Anti-Israel “human rights” groups like Human Rights Watch are eagerly helping compile the blacklist….

Legislation addressing the boycott of Israel has been expanding at the state level in the past year. It is likely to move forward at the federal level as well after Resolution 2334

In light of Resolution 2334, Congress is considering various actions to nullify the effect of the Resolution. As Northwestern Law School Professor Eugene Kontorovich correctly notes, a necessary and likely part of the Congressional reaction will be new anti-boycott legislation, Five ways the Trump administration can negate the anti-Israel U.N. Security Council resolution:

4) Congress should rapidly reintroduce and pass several anti-boycott bills from the outgoing session. In addition, to respond to Resolution 2334’s encouragement of E.U. boycotts aimed at the settlements — but which would inherently spill over to all of Israel — a small amendment must be made to the the anti-boycott provisions of the Export Administration Act, explicitly stating that it applies to boycotts of territories under Israeli jurisdiction.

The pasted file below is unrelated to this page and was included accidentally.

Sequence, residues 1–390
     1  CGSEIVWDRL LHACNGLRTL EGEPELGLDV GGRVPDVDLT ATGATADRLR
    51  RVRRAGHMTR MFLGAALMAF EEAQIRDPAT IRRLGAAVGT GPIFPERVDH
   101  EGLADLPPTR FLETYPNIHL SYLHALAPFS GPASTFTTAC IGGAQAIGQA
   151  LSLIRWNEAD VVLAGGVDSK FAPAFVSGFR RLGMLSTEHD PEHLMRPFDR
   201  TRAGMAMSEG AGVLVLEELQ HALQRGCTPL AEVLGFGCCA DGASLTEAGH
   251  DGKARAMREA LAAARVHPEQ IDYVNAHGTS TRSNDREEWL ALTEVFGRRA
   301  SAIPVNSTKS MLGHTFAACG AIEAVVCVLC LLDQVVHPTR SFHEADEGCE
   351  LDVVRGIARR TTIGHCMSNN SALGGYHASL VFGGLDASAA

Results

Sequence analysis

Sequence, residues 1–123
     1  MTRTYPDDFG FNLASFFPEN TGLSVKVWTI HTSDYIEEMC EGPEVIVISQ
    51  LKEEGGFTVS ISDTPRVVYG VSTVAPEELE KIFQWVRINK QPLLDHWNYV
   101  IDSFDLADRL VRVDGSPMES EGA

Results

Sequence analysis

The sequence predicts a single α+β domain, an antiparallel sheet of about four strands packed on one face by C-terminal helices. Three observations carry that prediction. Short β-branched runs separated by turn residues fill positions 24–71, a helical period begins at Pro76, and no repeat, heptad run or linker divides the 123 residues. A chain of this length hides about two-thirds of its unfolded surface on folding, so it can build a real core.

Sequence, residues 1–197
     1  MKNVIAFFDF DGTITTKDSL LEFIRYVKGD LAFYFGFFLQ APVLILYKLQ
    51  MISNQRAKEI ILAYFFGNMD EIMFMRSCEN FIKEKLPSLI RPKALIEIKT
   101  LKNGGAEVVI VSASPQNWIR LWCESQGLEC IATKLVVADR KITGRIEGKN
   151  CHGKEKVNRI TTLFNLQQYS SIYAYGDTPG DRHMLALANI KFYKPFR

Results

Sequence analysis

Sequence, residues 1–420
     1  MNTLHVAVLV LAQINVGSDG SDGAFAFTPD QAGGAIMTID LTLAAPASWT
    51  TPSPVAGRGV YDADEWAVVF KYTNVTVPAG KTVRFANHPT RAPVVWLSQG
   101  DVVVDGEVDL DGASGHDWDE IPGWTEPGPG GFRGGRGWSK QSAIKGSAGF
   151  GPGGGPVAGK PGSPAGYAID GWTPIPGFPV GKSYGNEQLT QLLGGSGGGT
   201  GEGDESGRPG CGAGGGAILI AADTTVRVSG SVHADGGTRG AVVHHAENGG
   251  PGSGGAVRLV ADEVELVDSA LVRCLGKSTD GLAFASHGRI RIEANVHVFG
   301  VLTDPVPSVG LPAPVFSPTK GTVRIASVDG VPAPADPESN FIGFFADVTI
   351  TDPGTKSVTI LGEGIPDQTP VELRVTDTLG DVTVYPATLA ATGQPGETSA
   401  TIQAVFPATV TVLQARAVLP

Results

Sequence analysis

I also have proposed legislation addressing the abuse of tax-exempt status by 501(c)(3) organizations who received that exemption based on promoting education, which engage in academic boycotts. I explained the background in this interview on the Mark Levin Show, Stop taxpayer subsidies for anti-Israel boycott groups:

WAJ: “And what’s even worse about it, is that the taxpayers are subsidizing all this, because these are all tax-exempt groups. We, in effect, are subsidizing these professors in their faculty organizations to boycott Israel….

They’re making a mockery of academic freedom. Because the American Association of University Professors, a very large group which is the one which essentially holds up the standards of academic freedom, has said that these types of boycotts violate academic freedom. Yet these professors are running wild at their own organizations passing it. Like I said, the crazy thing is we’re subsidizing it because it’s tax exempt.” …